The flash-lamp pumped pulsed dye laser is the current treatment of choice for cutaneous port-wine stains. In our practice, most children with these lesions are treated under general anesthesia. At energy levels used clinically, it is possible to ignite hair in the presence of supplemental oxygen; we are aware of four cases in which either the eyebrows or eyelashes were ignited during the administration of general anesthesia via a face mask. The laryngeal mask airway (LMA) recently has become widely available and this device might decrease the risk of fire during treatment of these lesions. We therefore designed this study to examine the extent of oxygen leakage under the mask during clinical cases, and to compare this with the leakage present with the LMA. A total of 20 patients aged 4 mo to 16 yr were studied on 26 separate occasions. During spontaneous ventilation, high concentrations of oxygen leaked around the mask in every case (mean 63% ± 16%), but in only one case was a concentration more than 21% detected around the LMA (P < 0.001). During controlled ventilation with the LMA, oxygen leaked around the mask in 19% of cases. Use of the LMA markedly decreases the incidence of potential oxygen leakage into the laser field, and is recommended for use, with preservation of spontaneous ventilation, during these cases. We suggest measuring oxygen concentrations at the mouth for laser treatment of facial port-wine stains to confirm that the larynx has been isolated. Anesthesia via a mask with oxygen and nitrous oxide should not be used while lesions around the eyes are treated, due to the risk of igniting the eyebrows or eyelashes.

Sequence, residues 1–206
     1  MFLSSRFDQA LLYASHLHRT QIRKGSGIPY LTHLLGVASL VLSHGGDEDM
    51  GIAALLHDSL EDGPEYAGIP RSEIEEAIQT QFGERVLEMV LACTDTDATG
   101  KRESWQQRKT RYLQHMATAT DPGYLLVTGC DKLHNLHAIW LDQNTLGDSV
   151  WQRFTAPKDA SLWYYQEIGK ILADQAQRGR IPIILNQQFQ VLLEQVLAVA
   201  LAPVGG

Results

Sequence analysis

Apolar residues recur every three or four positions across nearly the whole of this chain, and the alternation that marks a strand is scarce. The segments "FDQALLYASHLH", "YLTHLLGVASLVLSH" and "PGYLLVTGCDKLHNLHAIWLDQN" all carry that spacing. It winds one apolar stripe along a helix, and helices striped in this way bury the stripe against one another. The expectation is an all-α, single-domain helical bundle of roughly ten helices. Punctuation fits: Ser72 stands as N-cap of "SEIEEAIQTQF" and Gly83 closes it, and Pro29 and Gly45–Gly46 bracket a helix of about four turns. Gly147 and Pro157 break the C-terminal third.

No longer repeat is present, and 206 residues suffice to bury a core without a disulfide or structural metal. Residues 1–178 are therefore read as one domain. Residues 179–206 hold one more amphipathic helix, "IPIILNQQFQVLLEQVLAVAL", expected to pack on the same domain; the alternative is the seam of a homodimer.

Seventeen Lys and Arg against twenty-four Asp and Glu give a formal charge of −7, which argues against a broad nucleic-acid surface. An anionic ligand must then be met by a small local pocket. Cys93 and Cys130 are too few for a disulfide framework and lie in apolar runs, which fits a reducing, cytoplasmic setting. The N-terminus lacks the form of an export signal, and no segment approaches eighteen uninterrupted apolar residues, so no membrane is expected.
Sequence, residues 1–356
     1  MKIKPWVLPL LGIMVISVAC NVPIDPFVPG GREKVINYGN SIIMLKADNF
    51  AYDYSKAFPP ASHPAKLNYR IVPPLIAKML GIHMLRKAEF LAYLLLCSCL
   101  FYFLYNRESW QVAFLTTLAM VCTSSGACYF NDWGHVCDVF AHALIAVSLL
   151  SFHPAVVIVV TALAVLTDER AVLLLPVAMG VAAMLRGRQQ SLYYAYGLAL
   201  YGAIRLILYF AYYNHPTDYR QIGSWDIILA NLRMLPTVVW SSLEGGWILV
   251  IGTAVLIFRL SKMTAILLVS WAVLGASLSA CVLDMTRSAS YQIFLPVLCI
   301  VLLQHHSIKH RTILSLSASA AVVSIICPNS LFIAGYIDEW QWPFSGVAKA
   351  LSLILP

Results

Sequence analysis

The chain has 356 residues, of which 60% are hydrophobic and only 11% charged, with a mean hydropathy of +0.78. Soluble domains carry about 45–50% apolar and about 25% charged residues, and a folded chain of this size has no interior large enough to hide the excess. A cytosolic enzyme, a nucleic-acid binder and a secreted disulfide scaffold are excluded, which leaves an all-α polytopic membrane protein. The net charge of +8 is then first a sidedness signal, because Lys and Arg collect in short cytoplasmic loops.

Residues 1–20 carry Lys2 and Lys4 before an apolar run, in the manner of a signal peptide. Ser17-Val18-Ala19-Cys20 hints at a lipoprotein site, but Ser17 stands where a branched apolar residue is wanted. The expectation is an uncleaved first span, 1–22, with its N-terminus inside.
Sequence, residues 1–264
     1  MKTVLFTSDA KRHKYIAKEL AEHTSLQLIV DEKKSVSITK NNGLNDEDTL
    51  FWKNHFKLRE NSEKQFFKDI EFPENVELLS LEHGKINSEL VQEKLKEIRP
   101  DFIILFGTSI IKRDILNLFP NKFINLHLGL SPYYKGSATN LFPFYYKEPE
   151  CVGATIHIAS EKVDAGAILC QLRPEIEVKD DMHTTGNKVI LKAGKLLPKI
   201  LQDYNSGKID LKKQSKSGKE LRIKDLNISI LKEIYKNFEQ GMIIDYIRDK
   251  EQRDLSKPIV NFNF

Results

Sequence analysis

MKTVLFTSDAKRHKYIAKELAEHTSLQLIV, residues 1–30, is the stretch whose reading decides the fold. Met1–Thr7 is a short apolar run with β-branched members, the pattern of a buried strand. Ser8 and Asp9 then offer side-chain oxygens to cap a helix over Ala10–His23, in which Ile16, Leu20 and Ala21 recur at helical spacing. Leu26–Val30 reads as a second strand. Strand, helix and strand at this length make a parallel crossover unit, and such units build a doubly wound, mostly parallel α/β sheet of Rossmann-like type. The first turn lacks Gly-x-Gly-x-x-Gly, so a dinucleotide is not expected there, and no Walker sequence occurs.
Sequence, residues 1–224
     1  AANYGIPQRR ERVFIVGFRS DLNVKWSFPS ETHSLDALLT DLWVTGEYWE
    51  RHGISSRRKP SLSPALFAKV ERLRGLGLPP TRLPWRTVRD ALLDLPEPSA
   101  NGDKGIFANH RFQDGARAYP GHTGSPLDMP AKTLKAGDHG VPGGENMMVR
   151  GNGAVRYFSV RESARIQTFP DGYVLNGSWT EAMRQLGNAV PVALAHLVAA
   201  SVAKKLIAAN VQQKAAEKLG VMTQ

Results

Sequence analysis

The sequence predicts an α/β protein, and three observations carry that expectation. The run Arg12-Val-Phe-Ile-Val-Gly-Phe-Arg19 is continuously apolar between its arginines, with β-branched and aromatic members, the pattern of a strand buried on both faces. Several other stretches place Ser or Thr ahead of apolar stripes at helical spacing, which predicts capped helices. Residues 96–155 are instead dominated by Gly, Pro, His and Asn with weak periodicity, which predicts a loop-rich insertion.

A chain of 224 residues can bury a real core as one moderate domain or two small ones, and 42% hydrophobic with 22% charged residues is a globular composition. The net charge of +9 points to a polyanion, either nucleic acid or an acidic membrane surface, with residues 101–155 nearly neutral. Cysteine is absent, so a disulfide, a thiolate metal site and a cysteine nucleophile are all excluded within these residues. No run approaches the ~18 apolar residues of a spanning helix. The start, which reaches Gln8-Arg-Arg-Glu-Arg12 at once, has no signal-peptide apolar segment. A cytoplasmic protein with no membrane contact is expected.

ASJC Scopus subject areas
- Anesthesiology and Pain Medicine